15/02/2016 The Papers


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the championship, Leeds and Middlesbrough. And snooker


controversy! That is all coming up after The Papers.


Hello, and welcome to our look ahead to what the papers


With me tonight, our guests are the Education Editor for


The Sunday Times, Sian Griffiths, and Kiran Stacey, who's Energy


The Mirror's headline is "The Great Cancer Hope," after


genetically modified cells cured 94% of terminal cancer patients


NHS funding is the Independent's main story,


as a whistleblower claims hospitals are under pressure to underplay


The Telegraph quotes new figures, which suggest there's been


the biggest rise in annual death rates in England and


The wreckage of a hospital in Syria, which was hit with an air-strike, is


The Guardian carries comments from a leaked report from the Department


of Health, which claims a seven-day a week NHS may not cut death rates.


Immune cell therapy could be used to help cure cancer, according


The Daily Mail continues its investigation into staffing


And back to the EU with the Express, the paper says any renegotiations


agreed by the Prime Minister could be changed


We are going to start with The Daily Mirror. The great cancer hope. A


photograph of a cancer cell by the look of it. An incredible


breakthrough. Genetically modified cells cure disease in 4% of


patients. -- 94%. We get these kind of stories once every week. But this


is on the front page of two very different papers, the Times and The


Daily Mirror. It seems they are getting incredible result in this


test run. 94% of patients left the trial disease-free after being told


a hat months to live. -- they had. What they might be able to do with


this immune cell therapy is not only the wreck it, but actually have it


as a long-lasting cure. -- fewer. You have huge amounts of people


relapsing, 20 -40% of those treated for prostate cancer will have a


relapse. Scientists in this say this may be the end of those which would


be a huge deal. Usually you find scientists in these stories saying,


wait a second shouldn't he too gung ho. -- these.


This person says, imagine having a vaccine and you are rejected against


something for all of your life. You could have cells remember the cancer


to be ready for it when it comes back. That is the huge claims. But,


we do see headlines like this from time to time on the front of


newspapers and they do sell. But there seems to be a voracity to this


story that we should take seriously. Yeah. Both headlines are similar. A


hope of a lasting cure. They are very different. I think... It is a


simple idea. You take white cells from the patient's blood and modify


them to fight cancer and inject them back into the bloodstream. These


so-called living drugs, could only do they fight cancer the first time


around, but any recurrence of the disease and they have that memory


and they fight it again. -- not. I think it is... So many cancers, not


just prostate cancer, but breast-cancer as well, they come


back within ten years, a quarter of them. I think this is incredibly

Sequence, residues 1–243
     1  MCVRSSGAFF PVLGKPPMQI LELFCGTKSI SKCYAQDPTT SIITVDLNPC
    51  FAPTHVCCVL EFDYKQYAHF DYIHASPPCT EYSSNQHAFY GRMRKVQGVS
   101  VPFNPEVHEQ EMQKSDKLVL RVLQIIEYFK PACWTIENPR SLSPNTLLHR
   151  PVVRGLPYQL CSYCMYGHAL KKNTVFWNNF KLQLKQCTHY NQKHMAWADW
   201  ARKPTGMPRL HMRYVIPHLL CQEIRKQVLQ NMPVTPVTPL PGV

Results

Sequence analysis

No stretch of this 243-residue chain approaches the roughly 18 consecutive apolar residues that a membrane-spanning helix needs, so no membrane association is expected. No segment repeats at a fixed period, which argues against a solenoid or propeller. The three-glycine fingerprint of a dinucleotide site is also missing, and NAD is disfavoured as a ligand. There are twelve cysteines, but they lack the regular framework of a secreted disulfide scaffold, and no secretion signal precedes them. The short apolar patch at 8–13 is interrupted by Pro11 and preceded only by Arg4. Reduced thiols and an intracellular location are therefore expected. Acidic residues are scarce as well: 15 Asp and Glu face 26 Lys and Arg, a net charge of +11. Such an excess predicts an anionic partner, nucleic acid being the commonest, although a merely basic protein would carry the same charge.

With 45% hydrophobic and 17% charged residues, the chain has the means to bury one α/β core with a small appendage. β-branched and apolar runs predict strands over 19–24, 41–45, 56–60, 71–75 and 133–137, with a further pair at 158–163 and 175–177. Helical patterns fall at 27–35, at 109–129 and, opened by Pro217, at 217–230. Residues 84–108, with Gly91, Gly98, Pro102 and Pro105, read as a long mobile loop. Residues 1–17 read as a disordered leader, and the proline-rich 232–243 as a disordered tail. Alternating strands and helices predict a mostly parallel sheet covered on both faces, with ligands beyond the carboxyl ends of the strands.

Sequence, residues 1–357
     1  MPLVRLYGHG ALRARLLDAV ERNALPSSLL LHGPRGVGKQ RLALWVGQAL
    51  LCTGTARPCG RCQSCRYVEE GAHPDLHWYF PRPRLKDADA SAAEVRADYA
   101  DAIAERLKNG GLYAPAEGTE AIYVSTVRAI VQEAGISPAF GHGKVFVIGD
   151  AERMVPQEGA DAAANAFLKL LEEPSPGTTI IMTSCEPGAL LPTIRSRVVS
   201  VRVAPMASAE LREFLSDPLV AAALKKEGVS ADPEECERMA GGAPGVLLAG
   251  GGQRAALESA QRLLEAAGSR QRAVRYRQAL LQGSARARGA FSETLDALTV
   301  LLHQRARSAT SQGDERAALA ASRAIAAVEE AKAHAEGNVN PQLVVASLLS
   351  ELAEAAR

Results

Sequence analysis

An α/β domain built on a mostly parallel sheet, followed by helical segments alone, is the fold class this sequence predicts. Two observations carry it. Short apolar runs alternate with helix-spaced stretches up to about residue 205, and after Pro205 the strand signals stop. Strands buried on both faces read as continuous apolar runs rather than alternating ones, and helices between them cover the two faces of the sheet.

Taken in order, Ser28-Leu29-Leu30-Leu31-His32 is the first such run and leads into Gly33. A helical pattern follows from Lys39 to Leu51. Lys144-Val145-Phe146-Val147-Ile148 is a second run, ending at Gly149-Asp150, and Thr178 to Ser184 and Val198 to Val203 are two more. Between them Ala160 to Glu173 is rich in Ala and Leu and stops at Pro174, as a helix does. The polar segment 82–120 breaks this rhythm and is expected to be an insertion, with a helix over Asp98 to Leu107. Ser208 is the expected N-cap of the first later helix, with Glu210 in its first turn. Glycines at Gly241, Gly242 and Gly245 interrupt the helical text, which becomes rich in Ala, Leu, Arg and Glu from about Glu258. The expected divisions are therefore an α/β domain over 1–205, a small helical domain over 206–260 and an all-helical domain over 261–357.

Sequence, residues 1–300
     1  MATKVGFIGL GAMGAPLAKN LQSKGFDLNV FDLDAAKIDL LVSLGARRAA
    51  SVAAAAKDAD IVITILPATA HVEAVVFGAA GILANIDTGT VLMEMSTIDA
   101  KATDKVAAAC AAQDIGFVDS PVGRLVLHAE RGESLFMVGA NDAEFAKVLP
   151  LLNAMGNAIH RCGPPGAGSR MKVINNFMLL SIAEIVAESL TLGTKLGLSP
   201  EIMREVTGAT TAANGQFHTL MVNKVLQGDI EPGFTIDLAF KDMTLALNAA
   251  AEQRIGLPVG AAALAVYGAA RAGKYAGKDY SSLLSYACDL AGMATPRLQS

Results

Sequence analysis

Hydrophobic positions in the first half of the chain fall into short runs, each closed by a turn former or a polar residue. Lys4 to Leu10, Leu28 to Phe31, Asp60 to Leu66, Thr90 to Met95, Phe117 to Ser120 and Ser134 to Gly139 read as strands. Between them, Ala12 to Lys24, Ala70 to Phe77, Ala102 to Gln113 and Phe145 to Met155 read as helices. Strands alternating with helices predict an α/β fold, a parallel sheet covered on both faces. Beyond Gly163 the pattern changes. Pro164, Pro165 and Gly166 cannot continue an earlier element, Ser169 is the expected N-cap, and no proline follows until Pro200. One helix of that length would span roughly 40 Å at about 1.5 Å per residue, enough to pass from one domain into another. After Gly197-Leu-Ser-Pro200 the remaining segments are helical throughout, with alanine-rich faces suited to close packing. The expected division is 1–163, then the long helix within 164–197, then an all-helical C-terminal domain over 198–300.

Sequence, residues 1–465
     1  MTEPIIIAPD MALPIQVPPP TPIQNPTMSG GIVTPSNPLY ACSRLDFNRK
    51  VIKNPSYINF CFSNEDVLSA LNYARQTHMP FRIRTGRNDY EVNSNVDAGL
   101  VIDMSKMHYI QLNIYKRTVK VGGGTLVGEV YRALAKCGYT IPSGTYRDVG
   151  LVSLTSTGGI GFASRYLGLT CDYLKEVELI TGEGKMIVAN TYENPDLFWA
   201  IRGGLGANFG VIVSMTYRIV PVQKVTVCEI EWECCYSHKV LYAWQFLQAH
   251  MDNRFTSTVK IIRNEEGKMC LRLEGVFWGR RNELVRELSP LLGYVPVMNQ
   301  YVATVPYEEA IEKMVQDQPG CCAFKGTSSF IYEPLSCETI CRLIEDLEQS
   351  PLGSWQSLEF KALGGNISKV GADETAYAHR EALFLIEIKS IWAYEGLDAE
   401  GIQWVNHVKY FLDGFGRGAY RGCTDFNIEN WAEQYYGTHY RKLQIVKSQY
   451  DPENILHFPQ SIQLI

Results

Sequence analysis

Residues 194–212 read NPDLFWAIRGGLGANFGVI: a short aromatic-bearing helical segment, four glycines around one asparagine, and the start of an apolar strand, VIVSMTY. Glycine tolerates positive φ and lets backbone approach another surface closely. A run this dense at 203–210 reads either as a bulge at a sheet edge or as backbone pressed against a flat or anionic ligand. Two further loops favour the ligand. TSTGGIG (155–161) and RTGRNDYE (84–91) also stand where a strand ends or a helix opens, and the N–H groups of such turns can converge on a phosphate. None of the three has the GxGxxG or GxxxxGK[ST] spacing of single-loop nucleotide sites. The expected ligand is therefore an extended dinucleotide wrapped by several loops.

exciting. People with cancer may have some hope. Yes. Hospitals are


under pressure to cook the books. So many stories on so many papers in


the last months concerning the NHS and the pressure it is under, an


ageing population, the buzz is being squeezed. -- budget. And now, to


cook the books to improve their bottom line. That seems to be the


issue at the moment. Across the papers it is a similar story. The


Telegraph, not always a story that goes hard on cuts. It has a story


about how the cuts have led to death rates going up. This is a story the


Independent has that says NHS hospitals are under so much pressure


and are now being told to play down their deficit. So there is,


actually, I haven't realised this, but this financial deficit the


amount is coming in less than the amount going out, that target is 1.8


billion. One whistleblower, anonymous, we don't know Houthis is,


has told the Public Accounts Committee thinks it could be 2.9


billion. -- who this is. It is just another piece of evidence that shows


how much strain the NHS is under. We have junior doctors going on. We


have social care under pressure. All of this will become more pressured,


because of the ageing population and the financial squeeze outgoing


three. Expect more of these stories. -- we are going through.


The Tories used to hit stories like this, about health. -- hate. I was


going to say, what is the reasoning behind so many of these stories


appearing? Is it from those papers on the right suggesting we should be


getting an NHS that can find itself, moving more towards privatisation?


The left saying, these are the problems of the NHS. Cherish the


institution. We should back it. What is the reasoning? To be honest, I


think many of them are coming out of people working in the NHS themselves


actually speaking out, whistleblowing. We have the junior


doctors on the frontline at the telling it the way it is. I think


more and more NHS staff are actually saying they are overworked and


underpaid and waiting times are horrendous. If you have ever been to


A late at night it is horrible, you could wait five hours. The staff


do an amazing job. Many of these stories are coming from within the


NHS. Interesting. Let's you want to the Guardian. Another NHS story. --


move on. Seven-day plan may not work. They say they already do


this. That is where the debate is. The whole point for Jeremy Hunt in


the Department of Health was to cut the death rate. They are suggesting


it may not be happening. They suggest it will not happen because


they don't have the numbers of new GPS coming into the industry in the